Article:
# Probability of Extinction under Genetic Drift

Here is the Wright-Fisher model of genetic drift:

$$\frac{(2N)!}{k!(2N-k)!}p^kq^{2N-k} \Leftrightarrow \binom{2N}{k}p^kq^{2N-k}$$

where $\binom{2N}{k}$ is the binomial coefficient.

This formula gives the probability of obtaining $k$ copies of an allele at generation $t+1$ given that there are $p$ copies of this allele at generation $t$. $N$ is the population size and $2N$ is the number of copies of each gene (this model applies to diploid population only).

From this formula, how can we calculate the probability of extinction of an allele in say 120 generations starting at a given frequency, let's say 0.2?

and

How can we calculate the probability of extinction rather than fixation of an allele present at frequency $p$ if we wait an infinite amount of time?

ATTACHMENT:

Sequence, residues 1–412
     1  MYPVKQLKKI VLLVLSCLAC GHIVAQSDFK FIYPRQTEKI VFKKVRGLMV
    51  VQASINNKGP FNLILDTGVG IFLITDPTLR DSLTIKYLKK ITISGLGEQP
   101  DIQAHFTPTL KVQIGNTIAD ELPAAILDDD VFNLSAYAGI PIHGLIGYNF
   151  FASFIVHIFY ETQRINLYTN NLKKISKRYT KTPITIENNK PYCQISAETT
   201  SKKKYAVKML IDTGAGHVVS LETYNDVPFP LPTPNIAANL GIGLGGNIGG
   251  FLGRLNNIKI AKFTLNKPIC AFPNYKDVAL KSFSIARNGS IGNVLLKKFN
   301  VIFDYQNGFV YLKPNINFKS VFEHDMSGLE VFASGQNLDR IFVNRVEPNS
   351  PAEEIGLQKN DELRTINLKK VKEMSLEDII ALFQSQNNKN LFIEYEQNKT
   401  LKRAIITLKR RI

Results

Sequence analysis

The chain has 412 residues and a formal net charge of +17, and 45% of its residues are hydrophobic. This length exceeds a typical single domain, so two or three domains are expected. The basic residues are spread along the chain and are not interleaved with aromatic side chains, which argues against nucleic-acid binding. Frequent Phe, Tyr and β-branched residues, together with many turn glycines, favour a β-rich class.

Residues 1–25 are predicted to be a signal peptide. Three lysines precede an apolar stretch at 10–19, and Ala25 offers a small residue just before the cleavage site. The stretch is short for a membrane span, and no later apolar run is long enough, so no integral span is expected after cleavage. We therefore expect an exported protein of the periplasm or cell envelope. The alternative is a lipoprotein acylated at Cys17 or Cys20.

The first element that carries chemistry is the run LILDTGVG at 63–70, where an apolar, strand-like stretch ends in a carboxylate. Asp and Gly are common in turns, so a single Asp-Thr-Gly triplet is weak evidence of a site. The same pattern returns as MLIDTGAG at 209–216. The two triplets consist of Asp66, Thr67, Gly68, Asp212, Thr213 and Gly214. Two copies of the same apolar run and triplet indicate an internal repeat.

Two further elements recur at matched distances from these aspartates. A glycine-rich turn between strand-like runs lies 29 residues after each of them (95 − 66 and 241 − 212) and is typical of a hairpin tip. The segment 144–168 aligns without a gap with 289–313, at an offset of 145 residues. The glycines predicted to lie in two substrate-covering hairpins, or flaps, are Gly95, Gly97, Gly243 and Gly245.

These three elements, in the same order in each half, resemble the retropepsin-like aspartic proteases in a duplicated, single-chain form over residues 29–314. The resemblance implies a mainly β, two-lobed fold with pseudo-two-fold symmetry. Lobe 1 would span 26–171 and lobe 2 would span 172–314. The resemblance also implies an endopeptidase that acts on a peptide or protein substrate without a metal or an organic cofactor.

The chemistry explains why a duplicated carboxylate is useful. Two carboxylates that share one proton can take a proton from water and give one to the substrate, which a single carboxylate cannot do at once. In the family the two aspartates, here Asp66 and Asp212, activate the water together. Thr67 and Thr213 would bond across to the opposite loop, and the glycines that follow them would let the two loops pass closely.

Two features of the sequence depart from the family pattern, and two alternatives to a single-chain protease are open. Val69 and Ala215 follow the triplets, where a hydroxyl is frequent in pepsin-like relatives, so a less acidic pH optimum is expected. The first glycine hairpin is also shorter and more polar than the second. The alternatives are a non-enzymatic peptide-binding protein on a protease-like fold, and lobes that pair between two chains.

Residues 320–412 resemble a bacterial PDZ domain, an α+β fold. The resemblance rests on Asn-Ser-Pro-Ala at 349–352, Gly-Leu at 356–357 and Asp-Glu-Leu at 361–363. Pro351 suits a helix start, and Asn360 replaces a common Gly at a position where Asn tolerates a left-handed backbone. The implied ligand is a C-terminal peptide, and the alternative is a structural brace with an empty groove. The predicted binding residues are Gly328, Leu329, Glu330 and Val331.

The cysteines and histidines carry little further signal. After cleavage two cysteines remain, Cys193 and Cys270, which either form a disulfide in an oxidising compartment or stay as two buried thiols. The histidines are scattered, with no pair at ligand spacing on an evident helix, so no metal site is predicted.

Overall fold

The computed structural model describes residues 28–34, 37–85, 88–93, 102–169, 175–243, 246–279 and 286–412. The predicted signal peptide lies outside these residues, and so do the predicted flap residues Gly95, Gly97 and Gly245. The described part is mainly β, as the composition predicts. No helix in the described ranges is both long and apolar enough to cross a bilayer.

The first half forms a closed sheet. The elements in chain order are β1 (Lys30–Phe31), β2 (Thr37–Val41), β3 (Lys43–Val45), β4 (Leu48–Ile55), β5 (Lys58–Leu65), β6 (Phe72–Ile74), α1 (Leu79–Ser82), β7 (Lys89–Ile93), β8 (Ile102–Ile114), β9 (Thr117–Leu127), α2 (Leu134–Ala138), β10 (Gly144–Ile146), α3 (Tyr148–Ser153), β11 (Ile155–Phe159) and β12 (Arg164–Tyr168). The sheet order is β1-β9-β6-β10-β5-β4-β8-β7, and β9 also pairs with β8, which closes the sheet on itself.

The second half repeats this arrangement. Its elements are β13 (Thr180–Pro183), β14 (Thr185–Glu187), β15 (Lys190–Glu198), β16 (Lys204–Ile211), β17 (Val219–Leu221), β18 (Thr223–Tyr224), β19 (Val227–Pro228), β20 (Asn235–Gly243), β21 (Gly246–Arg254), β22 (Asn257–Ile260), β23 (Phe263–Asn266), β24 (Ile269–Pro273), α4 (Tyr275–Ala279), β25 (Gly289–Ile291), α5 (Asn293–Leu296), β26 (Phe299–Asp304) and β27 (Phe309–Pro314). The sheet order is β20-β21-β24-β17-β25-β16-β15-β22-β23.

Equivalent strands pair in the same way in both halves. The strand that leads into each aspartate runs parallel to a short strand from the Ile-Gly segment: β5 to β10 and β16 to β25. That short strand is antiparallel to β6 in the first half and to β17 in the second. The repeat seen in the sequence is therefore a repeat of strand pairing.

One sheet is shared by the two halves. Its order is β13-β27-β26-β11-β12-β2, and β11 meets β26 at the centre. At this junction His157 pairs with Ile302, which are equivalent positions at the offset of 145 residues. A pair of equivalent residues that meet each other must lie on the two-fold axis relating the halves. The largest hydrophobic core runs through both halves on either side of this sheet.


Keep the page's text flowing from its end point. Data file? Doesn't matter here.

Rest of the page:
– Did
Dec 5 '13 at 6:54

update

Kimura and Ohta (1969) showed that assuming an initial frequency of $p$, the mean time to fixation $\bar t_1(p)$ is:

$$\bar t_1(p)=-4N\left(\frac{1-p}{p}\right)ln(1-p)$$

similarly they showed that the mean time to loss $\bar t_0(p)$ is

$$\bar t_0(p)=-4N\left(\frac{p}{1-p}\right)ln(p)$$

Combining the two, they found that the mean persistence time of an allele $\bar t(p)$ is given by $\bar t(p) = (1-p)\bar t_0(p) + p\bar t_1(p)$ which equals

$$\bar t(p)=-4N\cdot \left((1-p)\cdot ln(1-p)+p\cdot ln(p)\right)$$

This does not answer any of the two questions!

• the average persistence time

but not...

• the probability of fixation rather than extinction if we wait an infinite amount of time

neither...

• the probability that the allele get extinct over a period of say 120 generations.

• The probability of fixation given infinite time is just $p$ (the frequency of the allele at that time) - I just ran a simulation in R with initial frequency of 0.2 (1000 replicates over 5000 generations $N$ =10000 and $p$ =0.2) and the average fixation rate was 0.201 (though simulations with smaller populations are more sensitive to stochasticity thus vary more around $p$ but are still very close, $N$ =10 had a fixation of 0.184) ... I'm sure there must be a way to calculate the probability after a given number of generations... Nov 29 '13 at 10:48